You are currently viewing Lessons from Women of the Old Testament 5: Rahab’s Faith

Lessons from Women of the Old Testament 5: Rahab’s Faith

Lessons from Women of the Old Testament Day 5: Rahab’s Faith 

But [Rahab] had brought them up to the roof and hid them with the stalks of flax that she had laid in order on the roof. (Joshua 2:6, ESV)

I know that the Lord has given you the land, and that the fear of you has fallen upon us, and that all the inhabitants of the land melt away before you. For we have heard how the Lord dried up the water of the Red Sea before you when you came out of Egypt, and what you did to the two kings of the Amorites who were beyond the Jordan, to Sihon and Og, whom you devoted to destruction. (Joshua 2:9-10, ESV)

I always smile in movies depicting high school cliques that young people become part of. They talk about the jocks, cheerleaders, nerds, drama kids, band kids, and so on. When one of the characters comes on screen, they’ll say “Oh yeah, that’s Nick, the jock on the football team.” I always laugh, because in my experience, no one actually refers to them as a jock or a nerd.

Often when Rahab is mentioned in the Bible, she is called “Rahab, the prostitute.” People in her own town may have written her off because of her occupation, and many likely wanted nothing to do with her. But God saw her heart. God was going to use Rahab in a big way when the Israelites needed someone within Jericho to aid them. He didn’t choose a person that would’ve had status by the world’s standard, but He chose someone who had the heart for it. 

When two Israelite spies came into Jericho, Rahab showed hospitality to them. By taking these men in, she was taking a huge risk, going against the king of Jericho, which could result in her death. Not only that, she covered for them when the king’s men came looking for them. She had brought them up to the roof and hidden them with the stalks of flax, and then directed the pursuers away from her house and out the city gates. By showing hospitality and being willing to protect these men, Rahab showed she had knowledge of the Lord and was familiar with His infinite power; she knew about the God they served.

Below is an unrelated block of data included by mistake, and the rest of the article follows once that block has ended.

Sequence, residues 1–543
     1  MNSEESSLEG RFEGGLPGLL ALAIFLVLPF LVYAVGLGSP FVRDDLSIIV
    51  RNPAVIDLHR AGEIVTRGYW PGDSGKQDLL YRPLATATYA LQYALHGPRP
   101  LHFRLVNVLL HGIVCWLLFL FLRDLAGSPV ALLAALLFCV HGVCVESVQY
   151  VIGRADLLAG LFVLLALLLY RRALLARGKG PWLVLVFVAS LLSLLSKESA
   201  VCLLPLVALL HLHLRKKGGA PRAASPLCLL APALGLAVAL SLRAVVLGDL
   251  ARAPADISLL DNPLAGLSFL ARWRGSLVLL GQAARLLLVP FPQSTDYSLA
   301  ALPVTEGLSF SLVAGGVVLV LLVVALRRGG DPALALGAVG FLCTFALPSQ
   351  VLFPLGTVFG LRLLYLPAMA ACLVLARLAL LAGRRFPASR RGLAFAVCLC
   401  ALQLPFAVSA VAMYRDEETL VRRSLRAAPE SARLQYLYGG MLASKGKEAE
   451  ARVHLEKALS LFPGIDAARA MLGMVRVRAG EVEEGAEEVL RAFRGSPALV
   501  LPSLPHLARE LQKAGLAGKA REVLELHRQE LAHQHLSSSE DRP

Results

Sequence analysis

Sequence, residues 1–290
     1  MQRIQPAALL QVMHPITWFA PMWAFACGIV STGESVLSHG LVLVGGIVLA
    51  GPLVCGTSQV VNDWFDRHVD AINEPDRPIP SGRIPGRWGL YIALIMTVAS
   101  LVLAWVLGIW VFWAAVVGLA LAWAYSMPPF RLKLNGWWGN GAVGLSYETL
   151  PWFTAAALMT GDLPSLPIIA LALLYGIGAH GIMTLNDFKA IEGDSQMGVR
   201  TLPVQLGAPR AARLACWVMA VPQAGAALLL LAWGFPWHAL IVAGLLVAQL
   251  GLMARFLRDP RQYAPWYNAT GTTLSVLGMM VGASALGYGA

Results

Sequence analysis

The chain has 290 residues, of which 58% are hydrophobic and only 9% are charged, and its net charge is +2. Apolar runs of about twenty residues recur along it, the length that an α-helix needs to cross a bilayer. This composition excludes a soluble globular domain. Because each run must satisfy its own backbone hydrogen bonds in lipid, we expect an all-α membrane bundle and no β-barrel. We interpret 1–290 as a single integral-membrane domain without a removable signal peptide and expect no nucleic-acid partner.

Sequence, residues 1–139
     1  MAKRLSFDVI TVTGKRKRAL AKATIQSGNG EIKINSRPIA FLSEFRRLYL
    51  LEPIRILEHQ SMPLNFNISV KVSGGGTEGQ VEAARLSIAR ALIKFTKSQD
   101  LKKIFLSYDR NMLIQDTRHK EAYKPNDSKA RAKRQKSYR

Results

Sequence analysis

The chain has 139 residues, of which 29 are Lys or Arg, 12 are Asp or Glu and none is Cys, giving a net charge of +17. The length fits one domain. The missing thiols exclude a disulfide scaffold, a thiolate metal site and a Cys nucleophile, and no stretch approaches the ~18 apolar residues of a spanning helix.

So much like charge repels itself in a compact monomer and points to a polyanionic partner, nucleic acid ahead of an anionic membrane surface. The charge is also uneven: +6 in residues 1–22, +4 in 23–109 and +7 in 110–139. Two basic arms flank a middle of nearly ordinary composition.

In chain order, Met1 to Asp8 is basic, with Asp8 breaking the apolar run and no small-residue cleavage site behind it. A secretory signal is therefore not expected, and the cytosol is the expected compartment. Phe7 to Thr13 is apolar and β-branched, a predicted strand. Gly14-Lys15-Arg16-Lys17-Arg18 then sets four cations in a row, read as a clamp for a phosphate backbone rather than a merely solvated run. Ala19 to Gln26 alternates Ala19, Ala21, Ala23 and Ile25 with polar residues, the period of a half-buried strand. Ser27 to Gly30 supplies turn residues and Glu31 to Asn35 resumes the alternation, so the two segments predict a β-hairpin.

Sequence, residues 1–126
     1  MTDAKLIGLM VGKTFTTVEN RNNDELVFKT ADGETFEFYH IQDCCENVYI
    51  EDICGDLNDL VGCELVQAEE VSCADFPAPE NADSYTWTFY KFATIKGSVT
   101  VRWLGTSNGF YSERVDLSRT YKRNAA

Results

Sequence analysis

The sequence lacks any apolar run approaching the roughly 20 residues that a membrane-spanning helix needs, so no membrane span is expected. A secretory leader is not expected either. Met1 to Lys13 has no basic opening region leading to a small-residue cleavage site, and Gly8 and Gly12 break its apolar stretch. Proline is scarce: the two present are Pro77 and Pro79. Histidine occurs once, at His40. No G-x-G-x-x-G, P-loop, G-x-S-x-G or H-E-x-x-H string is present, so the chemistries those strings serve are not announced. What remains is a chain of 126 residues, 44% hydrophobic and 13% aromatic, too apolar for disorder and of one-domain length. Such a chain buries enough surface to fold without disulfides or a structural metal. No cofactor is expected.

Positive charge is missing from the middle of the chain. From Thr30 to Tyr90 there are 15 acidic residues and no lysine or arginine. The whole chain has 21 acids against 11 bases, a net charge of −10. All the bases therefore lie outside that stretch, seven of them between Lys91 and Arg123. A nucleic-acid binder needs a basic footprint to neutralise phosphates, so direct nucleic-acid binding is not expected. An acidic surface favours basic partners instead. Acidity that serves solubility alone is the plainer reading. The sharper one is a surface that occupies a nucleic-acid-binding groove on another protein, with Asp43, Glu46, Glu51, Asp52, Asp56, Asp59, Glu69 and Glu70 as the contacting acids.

I appreciate this lesson of warm hospitality from Rahab. She had never met these spies before; she only knew where they were coming from and that they served the Almighty God. Rather than turning them away like many others would, she welcomed them in with no hesitation. Do I show this same hospitality to those with whom I come in contact? Am I only welcoming to those I’m familiar with or do I welcome everyone with open arms? 

We are given further proof that Rahab was familiar with their God in her conversation with the spies. She told them that she knew the Lord had given them the land—that there was no escaping His power. Word may not have traveled as fast in those days, but Rahab had heard about what God had done when He parted the Red Sea and about the destruction of the kings of the Amorites. She brought up these two examples because she knew what the Lord was capable of. She had heard of His power and knew that Jericho was in the path of the Israelites. 

I love that Rahab responded in this way—she may have been a prostitute, but that didn’t disqualify her from coming to know God and worship Him. I am challenged by her response when she recalls His faithfulness and power. How quick we are to forget how He’s provided for us in our own lives and the lives of those around us. We come face to face with a difficult situation and, blinded by our own circumstances, quickly forget how powerful our God is.

Rahab the prostitute was used by God to make a way for His people into Jericho. Not only was she used by God here, but she’s also part of the lineage of Christ, part of a long line of people that ultimately led to the birth of Christ . How wonderful is that! It’s such a beautiful reminder that God can use anyone who has a willing heart. 

Please follow and like us:

Leave a Reply